By Christopher Cox
The radical changes to the Coop during the pandemic have protected member-owners and workers alike, but they have been costly. According to General Coordinator Joe Holtz, in late March, when the member labor requirement was suspended and shopping hours were restricted, the Coop was losing as much as $120,000 a week, compared to the year before. That figure is now approximately $95,000 per week. In previous years, the Coop has run a modest weekly profit.
The biggest source of that decline is the reduction in sales. With fewer hours to shop and fewer people allowed in the store, overall sales have dropped by $400,000 weekly. After accounting for food costs, that translates into $68,000 in missing net revenue. The rest of the shortfall comes from the wages paid to 80 new temporary workers: about $27,000 weekly spent on labor that was once done by members.
Holtz crunched the numbers and figured that, with the Coop’s cash on hand, it wasn’t out of the question that the Coop would be seriously compromised in 46 weeks. “But of course,” he hastened to add, “we’re not going to let ourselves go out of business, are we? Because number one, we’re not brain dead.”
Paycheck Protection Program and Equity Investments
By some measures, the Coop is better positioned financially than most grocery stores. The organization owns the building, so it doesn’t need to pay rent. It began the year with a substantial amount of cash reserves—more than $3 million. And it has a devoted group of member-owners who are committed to ensuring the Coop’s survival.
After appeals went out this spring for members to increase their member-owner equity investments (MOEI), about a thousand members did so, eventually raising more than $600,000. The $100 initial equity investment that all Coop members must pay is eventually returned when a member leaves the Coop. Extra MOEI payments above the initial $100 can be returned anytime a member asks.
After the federal government passed the CARES act in March, the Coop applied for and received a $1.45 million loan under the Paycheck Protection Program (PPP). That money has been used to pay for wages, health insurance, pensions, and utilities—all expenses that qualify for loan forgiveness under the act. The Coop is completing the paperwork now to ask the federal government to cancel that debt.
Holtz felt confident that the PPP loan would not need to be repaid, with the caveat that this was a new program and, ultimately, “We just don’t know what the government will do.” Even if the debt remains on the Coop’s books, the interest rate is low and repaying the loan should be possible—provided the organization can survive.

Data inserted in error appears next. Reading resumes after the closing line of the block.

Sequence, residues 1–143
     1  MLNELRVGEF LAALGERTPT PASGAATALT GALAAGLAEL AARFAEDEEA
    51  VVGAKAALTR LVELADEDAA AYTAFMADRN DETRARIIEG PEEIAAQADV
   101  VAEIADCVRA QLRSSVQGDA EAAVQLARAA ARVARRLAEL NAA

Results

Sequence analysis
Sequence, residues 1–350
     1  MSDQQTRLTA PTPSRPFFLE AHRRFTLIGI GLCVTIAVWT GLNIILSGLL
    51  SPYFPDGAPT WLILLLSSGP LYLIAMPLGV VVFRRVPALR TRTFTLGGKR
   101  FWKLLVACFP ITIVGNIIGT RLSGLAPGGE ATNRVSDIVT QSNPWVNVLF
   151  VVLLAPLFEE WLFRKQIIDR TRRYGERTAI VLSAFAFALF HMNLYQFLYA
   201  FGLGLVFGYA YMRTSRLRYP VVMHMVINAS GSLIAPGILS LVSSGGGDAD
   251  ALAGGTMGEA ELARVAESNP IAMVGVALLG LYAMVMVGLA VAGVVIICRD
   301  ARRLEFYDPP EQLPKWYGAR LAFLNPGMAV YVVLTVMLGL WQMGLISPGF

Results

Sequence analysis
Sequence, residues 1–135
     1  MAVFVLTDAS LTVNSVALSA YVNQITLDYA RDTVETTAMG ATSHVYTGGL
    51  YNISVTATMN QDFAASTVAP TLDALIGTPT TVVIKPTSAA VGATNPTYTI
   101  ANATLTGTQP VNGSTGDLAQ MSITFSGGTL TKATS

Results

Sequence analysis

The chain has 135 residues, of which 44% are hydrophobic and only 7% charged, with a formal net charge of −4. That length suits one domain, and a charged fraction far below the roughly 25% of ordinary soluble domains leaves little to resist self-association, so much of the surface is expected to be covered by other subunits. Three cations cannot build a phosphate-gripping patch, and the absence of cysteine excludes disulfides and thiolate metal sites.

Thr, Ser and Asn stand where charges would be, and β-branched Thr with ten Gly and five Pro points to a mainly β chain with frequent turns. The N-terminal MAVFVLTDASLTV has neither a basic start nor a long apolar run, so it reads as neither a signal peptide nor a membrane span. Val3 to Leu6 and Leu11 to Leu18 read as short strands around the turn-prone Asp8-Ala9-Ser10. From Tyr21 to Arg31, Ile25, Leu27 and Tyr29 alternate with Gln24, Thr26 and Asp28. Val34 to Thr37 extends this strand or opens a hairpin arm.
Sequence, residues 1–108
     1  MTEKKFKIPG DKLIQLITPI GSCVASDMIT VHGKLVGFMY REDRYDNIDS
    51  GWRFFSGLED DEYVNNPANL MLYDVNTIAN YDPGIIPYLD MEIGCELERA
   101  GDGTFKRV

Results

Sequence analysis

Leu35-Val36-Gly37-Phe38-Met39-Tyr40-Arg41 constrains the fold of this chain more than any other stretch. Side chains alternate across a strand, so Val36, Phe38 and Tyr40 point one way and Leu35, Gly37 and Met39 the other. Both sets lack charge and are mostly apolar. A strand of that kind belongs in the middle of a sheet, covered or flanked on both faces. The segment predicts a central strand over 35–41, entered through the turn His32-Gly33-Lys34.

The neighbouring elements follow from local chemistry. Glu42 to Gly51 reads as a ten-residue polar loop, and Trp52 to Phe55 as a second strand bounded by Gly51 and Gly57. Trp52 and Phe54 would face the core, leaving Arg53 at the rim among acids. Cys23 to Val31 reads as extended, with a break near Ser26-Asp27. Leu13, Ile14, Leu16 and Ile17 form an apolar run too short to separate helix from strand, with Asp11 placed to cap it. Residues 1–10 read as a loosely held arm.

In the meantime, Holtz and the other general coordinators are discussing how to improve the Coop’s cash flow problem. The General Coordinators already have permission to raise the prices by 1 percent, to 22 percent, but Holtz called that a “small tweak” that would only buy the Coop another three weeks of existence. Plus, he said, “I don’t want to raise prices when a percentage of our membership is hurting economically.”
Holtz instead favors what he calls “four levers” to change the financial prospects of the Coop. The first, he said, would be to bring back member labor on a voluntary basis, perhaps working longer shifts. “I think we would find members enthusiastically stepping up,” he said. “And I think some members would say, ‘I don’t even want credit.’” If member labor could successfully replace the temporary workers currently working at the Coop for minimum wage, the weekly deficit would shrink by $27,000.
The second lever he suggested was to return to something closer to the original Coop opening hours: closing at 10:00 p.m. at night, six days a week. That, he said, could increase revenue by as much as 20 percent, as could the third lever: increasing the number of shoppers allowed inside from 35 to 42. The original assessment for social distancing, he noted, allowed for four shoppers per aisle, but the produce aisle in particular could support more shoppers without requiring close contact between members.
The final lever was one he didn’t want to use—at least not until the first three were put in place and their effects analyzed. That would be to push for a bigger price increase than the 1 percent currently allowed. With a 4 or 5 percent increase in the markup, the revenue gain becomes significant.
However, Holtz thinks that applying the first three levers alone would cut the Coop’s losses to a manageable level. “For us to get down to only losing five or ten thousand dollars a week would be extremely healthy,” he said. At that rate, the Coop could operate for 550 weeks before running out of money. Long enough, one hopes, for the pandemic to finally end. ◾️